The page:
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The Windows context menu provides an Edit Script option for AutoHotkey .ahk files. Unfortunately, it defaults to opening in Notepad, which is not a great editor for AutoHotkey scripts.

Windows File Explorer context menu for .ahk files Edit Script option

The same is true when using the Edit This Script option from the context menu of the tray icon for a running script.

A running AutoHotkey scripts tray icon context menu

Fortunately there is a simple way to change the default editor for AutoHotkey scripts.

Set the default editor for AutoHotkey scripts in the Registry

I came across this forum post and this one, which led me to the solution of simply modifying the following registry key:


Further below, I provide some download files to easily modify this registry key for some popular editors. You can use those, but let’s first look at how to manually modify the registry key.

Manually update the registry value

To manually modify the registry key value:

  1. Press Windows Key+R to access the Run dialog.
  2. Type regedit and hit OK to open the Registry Editor.
  3. Navigate to HKEY_CLASSES_ROOT\AutoHotkeyScript\Shell\Edit\Command.
  4. Double-click the (Default) value to edit it, and update the exe path.

By default, it will have a value like notepad.exe "%1".

You will want to replace the path to the Notepad executable with the path to your preferred editor’s executable, and surround the file path with double quotes.

I use Visual Studio Code, so this is what my registry entry looks like after updating it:

Setting the registry entry for Visual Studio Code

Creating the registry key if it does not exist

If the registry key does not exist, we can create it manually by doing the following in the Registry Editor:

  1. Navigate to HKEY_CLASSES_ROOT\AutoHotkeyScript\Shell in the Registry Editor.
  2. Right-click the Shell folder, select New > Key and name this Edit.
  3. Double-click the (Default) entry in the new Edit folder, and set its value to Edit Script.
  4. Right-click the Edit folder, select New > Key and name this Command.
  5. The (Default) entry should now exist in the new Command folder, and you should be able to set its value as described above.

There are many editors that can be used to edit AutoHotkey scripts, some more popular than others. Most have extensions/plugins that should be installed for the best experience. Below are some popular editors and their registry value to use.

I also included a .reg file that you can download and run to set the registry entry for you, so that you don’t need to make manual edits in the Registry Editor as shown above.


"C:\Program Files\Notepad++\notepad++.exe" "%1"

Download Notepad++ .reg file

Visual Studio Code:

"C:\Users\[YOUR USERNAME GOES HERE]\AppData\Local\Programs\Microsoft VS Code\Code.exe" "%1"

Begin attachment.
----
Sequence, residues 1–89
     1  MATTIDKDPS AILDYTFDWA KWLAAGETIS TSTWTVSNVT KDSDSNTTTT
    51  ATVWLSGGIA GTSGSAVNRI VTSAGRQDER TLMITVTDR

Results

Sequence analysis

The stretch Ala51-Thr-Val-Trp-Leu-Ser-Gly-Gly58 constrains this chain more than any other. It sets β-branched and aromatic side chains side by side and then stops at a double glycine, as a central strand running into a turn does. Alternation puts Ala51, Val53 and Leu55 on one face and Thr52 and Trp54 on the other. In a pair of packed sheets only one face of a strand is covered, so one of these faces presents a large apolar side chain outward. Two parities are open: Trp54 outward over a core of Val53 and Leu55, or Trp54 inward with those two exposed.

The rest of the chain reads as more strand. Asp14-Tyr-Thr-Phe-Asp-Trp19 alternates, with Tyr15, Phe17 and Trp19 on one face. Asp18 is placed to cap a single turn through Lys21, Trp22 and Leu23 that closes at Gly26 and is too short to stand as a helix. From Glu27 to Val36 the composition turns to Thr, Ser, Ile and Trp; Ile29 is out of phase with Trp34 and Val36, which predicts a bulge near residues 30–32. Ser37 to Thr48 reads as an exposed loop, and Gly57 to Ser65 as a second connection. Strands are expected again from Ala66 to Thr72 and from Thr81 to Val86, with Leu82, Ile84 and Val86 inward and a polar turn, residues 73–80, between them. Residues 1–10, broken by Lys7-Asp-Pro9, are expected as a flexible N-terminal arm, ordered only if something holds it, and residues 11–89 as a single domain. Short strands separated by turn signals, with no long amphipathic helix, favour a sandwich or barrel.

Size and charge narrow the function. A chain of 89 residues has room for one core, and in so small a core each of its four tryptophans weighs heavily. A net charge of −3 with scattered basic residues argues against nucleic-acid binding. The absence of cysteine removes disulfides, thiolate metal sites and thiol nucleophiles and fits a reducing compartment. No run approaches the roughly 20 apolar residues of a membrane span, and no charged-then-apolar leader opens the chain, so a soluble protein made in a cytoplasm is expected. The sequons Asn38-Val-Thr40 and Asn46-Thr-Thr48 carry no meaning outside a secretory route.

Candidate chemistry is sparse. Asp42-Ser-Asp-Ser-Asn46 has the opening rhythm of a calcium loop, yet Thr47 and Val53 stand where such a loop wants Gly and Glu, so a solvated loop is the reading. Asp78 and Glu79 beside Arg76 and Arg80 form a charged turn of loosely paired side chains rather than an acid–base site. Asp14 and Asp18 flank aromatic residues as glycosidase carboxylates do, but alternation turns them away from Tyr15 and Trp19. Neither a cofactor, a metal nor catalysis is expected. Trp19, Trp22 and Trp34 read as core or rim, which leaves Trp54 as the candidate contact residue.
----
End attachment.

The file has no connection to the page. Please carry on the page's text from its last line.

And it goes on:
NOTE: You need to replace [YOUR USERNAME GOES HERE] with your actual username.

No .reg file to download is provided since the username in the executable file path will be unique to you.


"C:\Program Files\AutoHotkey\SciTE\SciTE.exe" "%1"

NOTE: SciTE4AutoHotkey has an option in the installer to set itself as the default editor for AutoHotkey scripts, so that you do not need to edit the registry manually. Even if SciTE4AutoHotkey is already installed, you can run the installer again to set it as the default editor. Or use the .reg file provided below.

Download SciTE4AutoHotkey .reg file

Sublime Text 3:

"C:\Program Files\Sublime Text 3\sublime_text.exe" "%1"

Download Sublime Text 3 .reg file

Locating the executable file path

If you use a different editor and are not sure what the executable’s file path is, you can typically find it by:

  1. Hit the Windows Key to open the Start Menu.
  2. Type the name of the editor you want to use.
  3. Right-click on the editor and choose Open file location.

    Open the application file location from the Windows Start Menu

  4. That should open up File Explorer.
    1. If File Explorer shows the .exe file, you can use its path.
    2. If File Explorer shows a shortcut to the application, right-click on the shortcut and choose Properties.
      1. In the shortcut properties window, click the Open File Location button to open a new File Explorer window containing the .exe file.

        Open the shortcut file location from the shortcut properties window

  5. Copy the path of the executable file and use that as the value for the registry key.

    Copy the path of the executable file from File Explorer

In this example above, the path to the Visual Studio Code executable is “C:\Users\Dan.Schroeder\AppData\Local\Programs\Microsoft VS Code\Code.exe”.

Other ways to open a script in the default editor

You can also use the following AutoHotkey code to open an ahk script in the default editor:

filePath = C:\Path\To\AutoHotkey\Script.ahk
Run, edit %filePath%,,UseErrorLevel
if (%ErrorLevel% = ERROR)
    Run, "notepad" "%filePath%"

In the code above, if an error occurs trying to open the ahk script in the default editor, it will open in Notepad instead.


Now when you right-click on an AutoHotkey script file and choose Edit Script, it will open in your preferred editor, making your life just a little more convenient.

Hopefully you’ve found this helpful.

Happy scripting!

Shameless Plug: AHK Command Picker is my free open-source project that allows you to use a GUI picker instead of having to remember a ton of keyboard shortcuts for your AutoHotkey scripts and hotkeys. It is essentially a quick launcher for any AutoHotkey code. Check it out if you are interested!

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